21. The method of claim 18, wherein the step of determining said current page number for said current page comprises calculating said current page number, said current page number defined by the sum of i) a first coefficient value for C1, ii) said current page for said current sheet, iii) said total number of sheets in a document multiplied by a second coefficient value for C2, and iv) said total number of sheets remaining after said current sheet multiplied by a third coefficient value for C3.
22. The method of claim 17, wherein said current page for a current sheet is proportional to said sheet index and said current page for said current sheet is defined by multiplying said sheet index by a factor of two.
23. The method of claim 17, wherein said total number of sheets remaining after said current sheet is defined by subtracting the sum of said sheet index plus one from said total number of sheets in said document.
Description
FIELD OF THE INVENTION

The present invention relates to a system for determining the sequence and placement of pages for a document comprising multiple pages, and is more particularly directed to a system for determining the sequence and placement of pages for a multiple-page booklet in response to a print context defined by a user.

BACKGROUND OF THE INVENTION

In today's complex society, planning and organizing are essential tasks for managing a rigorous schedule. Many people utilize various tools for managing their hectic schedules. Such tools include electronic organizers, planners, daily calendars and software programs designed to allow a user to manage her own calendar, tasks, notes, and contacts. Typically, an individual uses at least one of these tools by referring to it throughout the day in order to keep up with appointments, tasks, and other important matters.

One apparent problem with some computer-oriented planning systems is that when the user wants a printed copy of her schedule or other relevant information, these systems are limited to printing one page of information onto each side of a single sheet of paper. As a result, should the user want to print, for example, a personal calendar for the next two weeks, a minimum number of seven sheets of paper would be printed if a double-sided printer is used. In this scenario, the user must carry around a personal calendar on a relatively thick stack of papers, which is certainly inconvenient for the user.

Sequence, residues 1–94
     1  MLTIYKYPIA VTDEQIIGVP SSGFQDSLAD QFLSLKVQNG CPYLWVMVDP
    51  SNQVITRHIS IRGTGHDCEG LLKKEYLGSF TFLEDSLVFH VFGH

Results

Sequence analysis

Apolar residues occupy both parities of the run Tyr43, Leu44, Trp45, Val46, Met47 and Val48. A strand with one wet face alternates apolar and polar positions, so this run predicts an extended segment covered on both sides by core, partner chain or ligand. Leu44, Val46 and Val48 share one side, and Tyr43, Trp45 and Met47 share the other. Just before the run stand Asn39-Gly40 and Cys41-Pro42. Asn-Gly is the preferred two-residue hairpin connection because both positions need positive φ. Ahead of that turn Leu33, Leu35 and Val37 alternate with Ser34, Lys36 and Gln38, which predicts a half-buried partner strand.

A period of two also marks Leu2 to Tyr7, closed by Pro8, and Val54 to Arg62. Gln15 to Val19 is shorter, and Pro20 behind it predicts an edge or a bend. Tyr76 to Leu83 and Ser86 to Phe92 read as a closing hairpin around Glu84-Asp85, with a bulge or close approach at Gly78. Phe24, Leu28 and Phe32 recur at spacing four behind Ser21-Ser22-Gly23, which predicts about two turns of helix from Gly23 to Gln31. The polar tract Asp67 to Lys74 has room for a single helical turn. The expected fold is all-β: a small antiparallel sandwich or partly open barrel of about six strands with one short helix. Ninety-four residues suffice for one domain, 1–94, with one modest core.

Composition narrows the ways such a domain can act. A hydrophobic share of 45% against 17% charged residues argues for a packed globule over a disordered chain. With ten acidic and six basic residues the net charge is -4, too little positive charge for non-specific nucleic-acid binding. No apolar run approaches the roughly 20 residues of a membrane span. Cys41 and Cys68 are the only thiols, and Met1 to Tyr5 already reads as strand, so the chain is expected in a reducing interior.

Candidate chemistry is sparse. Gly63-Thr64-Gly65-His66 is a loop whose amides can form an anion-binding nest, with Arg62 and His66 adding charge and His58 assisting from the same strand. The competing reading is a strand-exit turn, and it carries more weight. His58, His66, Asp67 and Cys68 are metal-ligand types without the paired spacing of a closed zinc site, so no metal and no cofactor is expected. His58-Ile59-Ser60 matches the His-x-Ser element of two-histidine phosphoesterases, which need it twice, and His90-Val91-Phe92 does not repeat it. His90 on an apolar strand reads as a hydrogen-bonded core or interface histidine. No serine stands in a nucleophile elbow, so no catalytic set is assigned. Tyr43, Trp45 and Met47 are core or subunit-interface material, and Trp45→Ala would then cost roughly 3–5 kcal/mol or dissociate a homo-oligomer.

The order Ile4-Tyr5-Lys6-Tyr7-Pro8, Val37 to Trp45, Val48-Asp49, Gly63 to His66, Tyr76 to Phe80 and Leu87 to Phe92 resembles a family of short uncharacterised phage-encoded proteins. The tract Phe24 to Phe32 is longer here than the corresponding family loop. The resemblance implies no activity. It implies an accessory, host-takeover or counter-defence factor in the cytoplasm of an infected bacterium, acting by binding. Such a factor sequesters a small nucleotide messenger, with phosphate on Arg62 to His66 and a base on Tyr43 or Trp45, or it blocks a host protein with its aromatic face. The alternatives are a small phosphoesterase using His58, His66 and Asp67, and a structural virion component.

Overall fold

To further elaborate, many computer-oriented systems are also incapable of providing a printing arrangement beyond the one-half page case, whereby two pages of information are printed on each sheet side using a double-sided printer. In this case, a booklet may be formed by the user after printing the stack of sheets by: stacking the printed sheets in numerical order; folding the sheets in half; and stapling the sheets together along a center spine. Again, there is an issue of convenience, as well as practicality, which the user faces with this printing limitation.

Other systems, such as the "PUBLISHER" program and the "CREATIVE WRITER" program, employ a printing arrangement known as French-fold print. This printing arrangement prints four pages on one side of a sheet in quarter pages, whereby two of the four printed pages are upside down. After the sheet is printed, the paper is French folded by folding the sheet in half two times. For example, some greeting cards and announcements are printed and folded in this above-described manner. The problem with this printing arrangement is that a multiple-page booklet cannot be formed.

Furthermore, since many systems are incapable of printing beyond the two pages per side scheme, it is also reasonable to conclude that these systems are not designed to provide a numbering scheme beyond this limitation.

Therefore, there is a need for a system that is capable of printing multiple pages on a single sheet of paper, beyond the two pages per sheet limit. In addition, there is a need for a system that is capable of printing multiple sheets containing multiple pages to create a multiple-page document. Finally, there is a need for a system that is capable of determining the sequence and placement of pages for a multiple-page document in response to a print context defined by the user.

SUMMARY OF THE INVENTION

The present invention satisfies the above-described needs by providing an improved system for determining the sequence and placement of pages for a multiple-page document. The first step is to select a number of pages on each side of a sheet, wherein the sheet contains two sides, and each side of the sheet has at least one page. A total number of pages is defined for a document. Next, an initial value is set for a sheet index that counts each sheet in the document.